The only thing that’s clear is this: when people are scared and angry, and don’t fully understand what’s going on, extremism of all forms – religious and political – takes hold in order to give malevolent, unseen forces a face. Sadly, in our country, for many of our angriest citizens, that face looks a lot like Barack Obama’s, a man who I believe is decent and sympathetic, and who – for all his shortcomings – has had to work with the most extreme group of Republicans in recent memory, one that sent Tea Party candidates to Washington after the mid-term elections with the expressed purpose of seeing Obama fail.

    When we lose the pragmatic middle and everything becomes an ideological battle (with facts molded to the shape of one’s ideology), everyone loses. With the worst financial crisis since the Great Depression, and a group of Republican ideologues, Obama didn’t have a chance.

    Cameron

    • Buck Eschaton

      Obama didn’t have a chance because his number one priority was to “foam the the runways” for the banks. Foam them with cash. He’s there to run out the statute of limitations on the massive criminality and fraud that was committed. He was there not to protect the victims but the criminals. He appointed people who had as their dominant ideology not to prosecute banking fraud and people whose only thought was to bail out banks at all costs.
      Now in his second term he wants to cut Social Security, the safety net and any last vestiges of the New Deal.

    • Patrick S

      cameron: thank you for a message of respect. I will disagree but reply in kind.

      The president, when he has strong majorities in both bodies, can make a tremendous difference in the economy. Obama chose to pass ObamaCare, not focus on the economy. He believes in Keynesian economics and “stimulus.” They didn’t work because they can’t work. Keynes created a “multiplier” out of thin air – just read him like I did. I also don’t think Keynes would have supported all Obama did.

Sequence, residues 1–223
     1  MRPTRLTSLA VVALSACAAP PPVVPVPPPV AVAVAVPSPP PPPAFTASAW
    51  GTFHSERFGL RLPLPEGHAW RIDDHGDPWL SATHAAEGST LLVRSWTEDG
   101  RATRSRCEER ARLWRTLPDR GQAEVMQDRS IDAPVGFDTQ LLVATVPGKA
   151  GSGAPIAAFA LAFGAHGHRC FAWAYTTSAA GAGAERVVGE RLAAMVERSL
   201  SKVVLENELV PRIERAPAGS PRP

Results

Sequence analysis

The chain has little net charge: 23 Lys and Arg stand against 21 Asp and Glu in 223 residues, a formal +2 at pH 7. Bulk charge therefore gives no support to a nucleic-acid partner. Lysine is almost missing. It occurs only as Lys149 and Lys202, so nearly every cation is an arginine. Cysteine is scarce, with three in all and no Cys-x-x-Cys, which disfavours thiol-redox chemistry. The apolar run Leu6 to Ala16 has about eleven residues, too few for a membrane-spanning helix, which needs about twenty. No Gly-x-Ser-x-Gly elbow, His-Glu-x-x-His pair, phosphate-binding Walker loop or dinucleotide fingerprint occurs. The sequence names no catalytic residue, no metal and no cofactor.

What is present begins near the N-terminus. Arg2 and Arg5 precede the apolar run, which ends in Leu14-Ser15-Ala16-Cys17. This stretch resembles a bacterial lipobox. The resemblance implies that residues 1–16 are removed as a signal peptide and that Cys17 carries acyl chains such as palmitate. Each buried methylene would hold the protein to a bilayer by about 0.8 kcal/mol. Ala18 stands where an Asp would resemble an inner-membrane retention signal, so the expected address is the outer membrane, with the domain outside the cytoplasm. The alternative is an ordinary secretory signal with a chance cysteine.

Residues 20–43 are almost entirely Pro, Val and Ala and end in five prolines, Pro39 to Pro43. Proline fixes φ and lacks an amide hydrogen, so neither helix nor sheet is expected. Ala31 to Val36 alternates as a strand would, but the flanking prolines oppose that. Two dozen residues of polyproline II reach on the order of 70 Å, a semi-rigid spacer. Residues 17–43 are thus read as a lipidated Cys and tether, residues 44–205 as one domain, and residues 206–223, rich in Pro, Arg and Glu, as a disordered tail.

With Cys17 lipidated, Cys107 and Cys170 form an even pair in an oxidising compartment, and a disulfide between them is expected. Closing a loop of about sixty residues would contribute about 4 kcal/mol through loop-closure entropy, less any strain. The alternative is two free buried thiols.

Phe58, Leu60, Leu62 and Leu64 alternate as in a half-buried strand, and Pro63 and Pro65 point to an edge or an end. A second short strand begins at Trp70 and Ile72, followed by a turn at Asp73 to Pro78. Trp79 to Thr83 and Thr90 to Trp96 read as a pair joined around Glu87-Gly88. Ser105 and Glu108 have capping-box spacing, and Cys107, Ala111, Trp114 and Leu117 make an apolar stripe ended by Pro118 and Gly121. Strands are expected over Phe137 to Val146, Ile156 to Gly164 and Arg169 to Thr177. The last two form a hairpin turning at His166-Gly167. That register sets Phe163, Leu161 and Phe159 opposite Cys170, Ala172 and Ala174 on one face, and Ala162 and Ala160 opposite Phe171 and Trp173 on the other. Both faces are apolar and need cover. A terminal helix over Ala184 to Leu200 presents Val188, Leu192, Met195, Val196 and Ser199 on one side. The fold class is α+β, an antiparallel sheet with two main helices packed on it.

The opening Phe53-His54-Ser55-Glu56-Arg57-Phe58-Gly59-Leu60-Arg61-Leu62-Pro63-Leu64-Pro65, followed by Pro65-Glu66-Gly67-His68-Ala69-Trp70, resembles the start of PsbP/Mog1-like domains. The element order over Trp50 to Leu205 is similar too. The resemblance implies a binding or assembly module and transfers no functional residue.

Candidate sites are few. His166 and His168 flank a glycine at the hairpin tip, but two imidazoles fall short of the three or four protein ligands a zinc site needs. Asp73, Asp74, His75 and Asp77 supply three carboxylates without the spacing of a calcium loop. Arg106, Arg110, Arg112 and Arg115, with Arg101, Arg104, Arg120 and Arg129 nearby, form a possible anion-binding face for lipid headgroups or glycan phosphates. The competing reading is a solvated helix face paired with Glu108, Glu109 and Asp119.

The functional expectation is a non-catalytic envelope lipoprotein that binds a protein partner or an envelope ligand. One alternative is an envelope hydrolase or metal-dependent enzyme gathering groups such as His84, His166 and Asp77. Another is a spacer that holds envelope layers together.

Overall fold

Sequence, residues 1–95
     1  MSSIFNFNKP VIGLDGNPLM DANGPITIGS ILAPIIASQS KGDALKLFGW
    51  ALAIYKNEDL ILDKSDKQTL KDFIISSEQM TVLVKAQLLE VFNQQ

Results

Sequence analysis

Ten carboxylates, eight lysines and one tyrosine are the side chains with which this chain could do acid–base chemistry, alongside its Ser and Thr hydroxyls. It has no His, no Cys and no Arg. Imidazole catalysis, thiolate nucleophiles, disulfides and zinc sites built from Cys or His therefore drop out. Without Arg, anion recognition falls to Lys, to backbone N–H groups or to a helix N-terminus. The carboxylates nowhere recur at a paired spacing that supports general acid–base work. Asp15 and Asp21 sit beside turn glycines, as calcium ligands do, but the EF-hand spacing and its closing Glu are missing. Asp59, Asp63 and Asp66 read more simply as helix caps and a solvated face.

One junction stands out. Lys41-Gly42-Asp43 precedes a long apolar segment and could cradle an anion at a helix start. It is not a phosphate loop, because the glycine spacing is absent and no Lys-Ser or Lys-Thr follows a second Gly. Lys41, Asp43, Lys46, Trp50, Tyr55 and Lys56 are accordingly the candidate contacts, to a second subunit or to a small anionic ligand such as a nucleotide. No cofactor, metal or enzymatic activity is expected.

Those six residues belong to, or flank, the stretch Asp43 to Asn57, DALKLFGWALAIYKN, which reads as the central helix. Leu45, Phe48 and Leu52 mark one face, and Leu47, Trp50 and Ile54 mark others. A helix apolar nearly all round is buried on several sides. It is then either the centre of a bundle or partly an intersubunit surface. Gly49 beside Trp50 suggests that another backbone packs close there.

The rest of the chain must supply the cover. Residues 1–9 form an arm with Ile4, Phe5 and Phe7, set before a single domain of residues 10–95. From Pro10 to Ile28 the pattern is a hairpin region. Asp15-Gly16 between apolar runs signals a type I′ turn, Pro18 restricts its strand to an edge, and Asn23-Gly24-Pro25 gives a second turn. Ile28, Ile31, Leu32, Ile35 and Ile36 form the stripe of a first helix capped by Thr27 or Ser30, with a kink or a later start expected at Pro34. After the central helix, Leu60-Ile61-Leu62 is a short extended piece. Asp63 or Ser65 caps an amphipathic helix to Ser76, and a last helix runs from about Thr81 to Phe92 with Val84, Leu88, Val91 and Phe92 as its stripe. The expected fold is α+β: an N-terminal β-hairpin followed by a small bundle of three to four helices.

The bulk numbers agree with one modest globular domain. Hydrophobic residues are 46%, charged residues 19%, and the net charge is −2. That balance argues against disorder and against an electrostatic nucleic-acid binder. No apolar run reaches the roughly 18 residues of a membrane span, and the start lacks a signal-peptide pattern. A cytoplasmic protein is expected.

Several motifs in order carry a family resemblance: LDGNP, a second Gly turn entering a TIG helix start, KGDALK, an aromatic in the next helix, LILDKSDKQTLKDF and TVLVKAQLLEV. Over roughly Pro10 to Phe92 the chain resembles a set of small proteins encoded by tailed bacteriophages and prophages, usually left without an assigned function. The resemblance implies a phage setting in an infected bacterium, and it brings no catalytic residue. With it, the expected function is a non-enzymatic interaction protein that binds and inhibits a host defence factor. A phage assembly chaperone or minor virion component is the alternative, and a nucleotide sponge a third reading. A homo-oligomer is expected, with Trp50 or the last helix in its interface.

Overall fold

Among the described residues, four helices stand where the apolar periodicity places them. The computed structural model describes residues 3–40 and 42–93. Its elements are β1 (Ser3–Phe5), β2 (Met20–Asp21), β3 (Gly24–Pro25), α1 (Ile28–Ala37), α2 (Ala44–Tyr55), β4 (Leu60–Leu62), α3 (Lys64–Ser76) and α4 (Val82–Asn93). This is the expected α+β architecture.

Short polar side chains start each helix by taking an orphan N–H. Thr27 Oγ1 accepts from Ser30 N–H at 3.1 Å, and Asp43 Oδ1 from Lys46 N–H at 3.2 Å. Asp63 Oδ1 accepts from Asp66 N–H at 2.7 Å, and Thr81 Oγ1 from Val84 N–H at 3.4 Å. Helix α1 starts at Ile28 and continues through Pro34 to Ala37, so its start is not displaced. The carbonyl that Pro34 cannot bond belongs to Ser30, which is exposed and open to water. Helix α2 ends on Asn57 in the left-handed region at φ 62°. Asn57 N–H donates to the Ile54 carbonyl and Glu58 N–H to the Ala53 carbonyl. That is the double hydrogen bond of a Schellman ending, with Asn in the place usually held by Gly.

I strongly disagree that all blame goes to republicans. It takes two to cause a problem. Obama and republicans had a deal on the debt ceiling — until Obama asked for $800 billion more. He moved the goalposts. Also remember those republicans were sent there because of a strong reaction by voters against ObamaCare – passed along strict party lines BEFORE the Tea Parties got there.

      You are right people are scared. And they certainly do take it out on elected officials. I don’t think Jimmy Carter or George Bush I were bad people. But voters didn’t like the way things were and wanted a change. That is the great thing about our democracy: we get to decide!

  • Buck Eschaton

    I’m for a Jubilee. I’m for direct cash injections into the bank accounts of the bottom 99% of the people. Obama has steadfastly stuck to the Quantitative Easing Forever!!!/throw endless amounts of cash at the banks approach. It hasn’t worked, except to make the super-wealthy a lot more super-wealthy and maintain a very high unemployment rate. The 0.001% percent have had their Jubilee it’s just that they ran up their debts so impossibly high that they can never be paid at their hallucinated values. It’s time for a Quantitative Easing for the people send Fiat to pay the mortgages, credit cards and student loans. I’m not voting for Obama because he can’t do anything except send money to the banks and make the rest of us poorer.
    The guy even wants to cut social security and the safety net, I guess we’re not sending enough money to the banks.

  • http://www.redemptionpictures.com @Micahjmurray

    I love that you’re voting for individuals, rather than for parties. Smart man.

    I voted for Gary Johnson, and left most of the rest of the ballot blank. (I live in Arkansas.)
    Here’s my thoughts on why I voted third-party: http://redemptionpictures.com/2012/10/16/thirdpart/

  • Curtis

    Erik Paulsen may keep his face off of Fox, but he is a rubber-stamp vote for the Republicans in congress. He voted 93% in line with his party in the last session. Why do you want to reward partisan behavior that is our main problem in government right now?

    • Patrick S

      Don’t reward parisans: vote for only democrats!

      • Curtis

        Collin Peterson, Democrat from Minnesota’s 7th district, votes with his party only 56% of the time. There are Democrats still working with Republicans, examples of the other direction are hard to find.